them out for correction. I have endeavoured
to state fairly the conclusions to which the
facts seemed to point, though in more than
one case they have proved contrary to personal
sympathies and predilections.

A word of explanation is necessary regard-
ing the seventh chapter, which has turned out
quite different from my original design. In
deference to what is known to be a widely-
felt want, a somewhat detailed plan has been
sketched of the new local education authority.
This has been done in order to present some-
thing definite and concrete, and to show how
the principles advocated are capable of being
applied in detail ; but I am far from maintain-
ing that this is the sole, if even the best,
method of applying them. It has at least the
merit of being a definite scheme, which carries
us beyond the generalities of "large areas,"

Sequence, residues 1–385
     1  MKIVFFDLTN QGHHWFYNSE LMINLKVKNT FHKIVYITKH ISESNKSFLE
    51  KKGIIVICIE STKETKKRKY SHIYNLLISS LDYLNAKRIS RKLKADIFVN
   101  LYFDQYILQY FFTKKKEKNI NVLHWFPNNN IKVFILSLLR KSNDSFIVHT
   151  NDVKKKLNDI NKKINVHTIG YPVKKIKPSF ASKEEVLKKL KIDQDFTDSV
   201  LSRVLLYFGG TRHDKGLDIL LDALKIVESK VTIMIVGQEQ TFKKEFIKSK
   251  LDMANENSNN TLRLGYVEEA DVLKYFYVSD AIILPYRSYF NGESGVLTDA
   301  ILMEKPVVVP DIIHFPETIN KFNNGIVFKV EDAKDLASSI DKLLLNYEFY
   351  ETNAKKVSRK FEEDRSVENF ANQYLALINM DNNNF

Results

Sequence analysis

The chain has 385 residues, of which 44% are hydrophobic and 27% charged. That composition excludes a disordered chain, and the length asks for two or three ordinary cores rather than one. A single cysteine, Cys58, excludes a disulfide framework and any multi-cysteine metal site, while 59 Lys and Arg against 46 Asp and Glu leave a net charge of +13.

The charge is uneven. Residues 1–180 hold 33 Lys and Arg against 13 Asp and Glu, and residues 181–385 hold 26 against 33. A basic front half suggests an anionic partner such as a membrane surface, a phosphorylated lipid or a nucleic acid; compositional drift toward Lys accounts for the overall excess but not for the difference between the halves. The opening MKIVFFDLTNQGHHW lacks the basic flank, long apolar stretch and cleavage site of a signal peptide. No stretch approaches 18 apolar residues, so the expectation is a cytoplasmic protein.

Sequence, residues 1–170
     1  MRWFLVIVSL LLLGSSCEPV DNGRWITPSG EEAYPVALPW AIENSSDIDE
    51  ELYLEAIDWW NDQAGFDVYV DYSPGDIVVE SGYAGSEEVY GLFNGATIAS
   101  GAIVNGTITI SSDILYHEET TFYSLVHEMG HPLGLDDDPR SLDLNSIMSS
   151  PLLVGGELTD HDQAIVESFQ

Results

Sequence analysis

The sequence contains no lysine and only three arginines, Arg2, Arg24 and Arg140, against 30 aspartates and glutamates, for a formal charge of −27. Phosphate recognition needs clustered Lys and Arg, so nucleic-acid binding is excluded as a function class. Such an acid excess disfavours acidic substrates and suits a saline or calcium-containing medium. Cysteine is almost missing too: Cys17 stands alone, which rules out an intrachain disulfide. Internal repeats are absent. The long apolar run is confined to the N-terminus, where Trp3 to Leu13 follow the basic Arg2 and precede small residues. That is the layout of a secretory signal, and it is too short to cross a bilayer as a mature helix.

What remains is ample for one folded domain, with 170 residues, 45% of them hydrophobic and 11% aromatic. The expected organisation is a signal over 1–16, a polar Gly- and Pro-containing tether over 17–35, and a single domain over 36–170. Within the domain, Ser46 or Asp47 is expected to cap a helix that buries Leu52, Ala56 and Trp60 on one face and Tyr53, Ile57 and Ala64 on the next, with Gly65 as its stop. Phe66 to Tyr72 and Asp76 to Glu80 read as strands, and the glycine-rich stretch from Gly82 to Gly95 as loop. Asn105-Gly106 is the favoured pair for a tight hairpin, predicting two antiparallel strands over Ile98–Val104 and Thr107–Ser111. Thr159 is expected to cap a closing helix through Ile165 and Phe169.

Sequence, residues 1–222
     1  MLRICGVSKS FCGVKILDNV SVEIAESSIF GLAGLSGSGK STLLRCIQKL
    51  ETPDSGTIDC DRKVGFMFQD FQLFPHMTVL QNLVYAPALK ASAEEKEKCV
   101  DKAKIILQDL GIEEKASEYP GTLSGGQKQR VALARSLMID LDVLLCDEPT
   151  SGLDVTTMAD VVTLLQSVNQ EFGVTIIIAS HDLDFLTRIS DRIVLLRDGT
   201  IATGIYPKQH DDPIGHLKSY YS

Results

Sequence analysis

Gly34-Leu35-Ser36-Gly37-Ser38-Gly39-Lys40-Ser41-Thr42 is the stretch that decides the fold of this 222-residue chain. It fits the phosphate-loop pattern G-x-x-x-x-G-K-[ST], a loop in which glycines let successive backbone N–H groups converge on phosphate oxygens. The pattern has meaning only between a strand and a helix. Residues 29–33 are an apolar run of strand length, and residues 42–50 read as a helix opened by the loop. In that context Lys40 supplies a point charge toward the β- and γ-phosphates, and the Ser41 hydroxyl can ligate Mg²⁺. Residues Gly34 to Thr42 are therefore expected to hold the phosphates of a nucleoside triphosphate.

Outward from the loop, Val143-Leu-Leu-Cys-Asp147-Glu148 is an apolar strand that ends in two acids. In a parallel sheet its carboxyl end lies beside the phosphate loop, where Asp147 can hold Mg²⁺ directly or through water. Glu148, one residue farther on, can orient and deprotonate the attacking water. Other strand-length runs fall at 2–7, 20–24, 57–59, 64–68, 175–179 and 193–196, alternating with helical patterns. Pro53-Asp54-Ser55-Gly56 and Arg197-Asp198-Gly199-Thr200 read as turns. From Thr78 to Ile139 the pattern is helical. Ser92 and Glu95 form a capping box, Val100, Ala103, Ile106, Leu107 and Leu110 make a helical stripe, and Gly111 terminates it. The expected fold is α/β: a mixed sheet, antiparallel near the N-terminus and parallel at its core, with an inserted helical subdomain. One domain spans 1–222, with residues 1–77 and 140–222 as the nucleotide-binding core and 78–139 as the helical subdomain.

" large powers," " correlation," and so forth,
terms which are very far from precise, but
which all agree to because any required mean-
ing can be read into them. Apart from this,


the principles must stand or fall through their
inherent truth.

What, however, most concerns the nation is
the educational work waiting to be done ; the
topics dealt with in the last chapter are those
of pnramount importance. Much may be
effected through improved grading, through
extension of the Continuation School, through
the realisation of the possibilities of the
Secondary School, hitherto so severely handi-
capped. The practical problems involved here
will tax our energies to the utmost during
the coming years. Undoubtedly the future of
the nation physical, material and moral is
with the Schoolmaster.

I could wish my book were more worthy
of its great theme. The palliation of its short-
comings, in so far as not due to more radical
causes, must be the pressure of two heavy
sessions of University work together with
multifarious other educational activities and
demands on time and thought. It is perhaps
better to make even a small and imperfect
contribution than none at all. If my efforts
either tend to the fuller comprehension of the


issues involved, or serve to aid or cheer the
teacher in his arduous and sometimes thankless